“But three historical circumstances help explain the nature of Lincoln’s religion—with its unusual belief in God’s sovereign power—that came to fullest expression in the Second Inaugural Address.
First, Lincoln grew up in a poor dirt-farming family in the upper South and lower Midwest without privilege, position, or much formal education. The world of his upbringing was much closer to the culture of Puritanism than the culture of narcissism.
Common people were often deeply religious, believing without question in God and the unseen world. Yet they were not much troubled about doctrines, ecclesiastical affairs, or the glorious prospect of the millennium, which then preoccupied some of America’s religious elite. Rather, the common people tried to accept their fate, to overcome guilt, to enjoy the fleeting comforts of love and family, to survive the uncertainties of birth, to eke out existence on an often brutal frontier, and to come to terms with the ever-present reality of death.
As with many other such families, Lincoln’s had very few books. But it did have the Bible, which Lincoln evidently read with great care. His later speeches and ordinary conversation were peppered with biblical quotations and allusions.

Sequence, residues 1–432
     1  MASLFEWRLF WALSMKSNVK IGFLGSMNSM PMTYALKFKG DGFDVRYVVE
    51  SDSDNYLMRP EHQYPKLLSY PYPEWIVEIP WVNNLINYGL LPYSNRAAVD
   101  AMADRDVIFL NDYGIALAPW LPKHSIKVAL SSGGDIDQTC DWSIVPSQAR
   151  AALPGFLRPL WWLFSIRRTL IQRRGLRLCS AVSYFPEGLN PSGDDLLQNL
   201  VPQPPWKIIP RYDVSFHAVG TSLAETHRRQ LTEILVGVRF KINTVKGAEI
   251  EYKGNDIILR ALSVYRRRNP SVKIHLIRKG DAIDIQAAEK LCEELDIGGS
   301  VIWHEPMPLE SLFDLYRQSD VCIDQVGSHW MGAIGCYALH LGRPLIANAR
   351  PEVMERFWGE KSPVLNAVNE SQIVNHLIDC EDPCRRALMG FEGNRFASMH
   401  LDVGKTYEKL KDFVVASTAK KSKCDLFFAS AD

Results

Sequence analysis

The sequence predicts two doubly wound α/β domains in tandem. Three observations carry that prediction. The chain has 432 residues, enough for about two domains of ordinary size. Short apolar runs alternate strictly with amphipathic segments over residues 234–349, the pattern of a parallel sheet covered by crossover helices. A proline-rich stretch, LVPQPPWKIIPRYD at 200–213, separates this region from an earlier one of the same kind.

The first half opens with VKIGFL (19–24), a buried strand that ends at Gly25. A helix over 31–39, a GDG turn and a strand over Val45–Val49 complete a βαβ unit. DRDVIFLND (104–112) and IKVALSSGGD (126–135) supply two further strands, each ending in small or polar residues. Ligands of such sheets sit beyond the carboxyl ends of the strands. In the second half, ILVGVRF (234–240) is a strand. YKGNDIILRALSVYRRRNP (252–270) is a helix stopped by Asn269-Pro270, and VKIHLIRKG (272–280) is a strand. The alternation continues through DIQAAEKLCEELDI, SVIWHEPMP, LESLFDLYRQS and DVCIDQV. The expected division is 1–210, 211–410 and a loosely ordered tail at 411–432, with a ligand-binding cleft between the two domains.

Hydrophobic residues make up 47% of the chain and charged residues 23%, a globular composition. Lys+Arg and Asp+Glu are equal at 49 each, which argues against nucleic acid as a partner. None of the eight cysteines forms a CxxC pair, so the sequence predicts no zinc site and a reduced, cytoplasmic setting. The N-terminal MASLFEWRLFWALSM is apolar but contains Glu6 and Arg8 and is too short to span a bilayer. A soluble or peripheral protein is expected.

This family history provided the backdrop of Lincoln’s religion. It had nothing to do with modern ideas about “finding oneself” or about “God’s wonderful plan” for life.
The second circumstance was Lincoln’s experience with denominations in the Indiana and Illinois of his youth. He found the harsh infighting among Methodists, Baptists, Presbyterians, Disciples, Universalists, and “village atheists” repulsive. As a consequence, Lincoln several times professed willingness to join a church that required nothing of its members but heartfelt love to God and to one’s neighbors. The competing creeds of the churches were not for him.
The third circumstance was instruction in reality by the coldest master—death. The passing of his mother when he was 9, the death of a beloved sister shortly after her marriage, the death of two sons (in 1850, and at the White House in 1862), the death of several close friends in the early days of the Civil War (his Civil War), and increasingly, the heart-wrenching lists of casualties from the battlefields—these left him no taste for easy believism, no escape from the mysteries of God and the universe.
The truly remarkable thing about Lincoln’s religion was how these circumstances drove him to deeper contemplation of God and the divine will. The external Lincoln, casual about religious observance, hid a man of profound morality, an almost unbearable God-consciousness, and a deep belief in the freedom of God to transcend the limited vision of humanity.”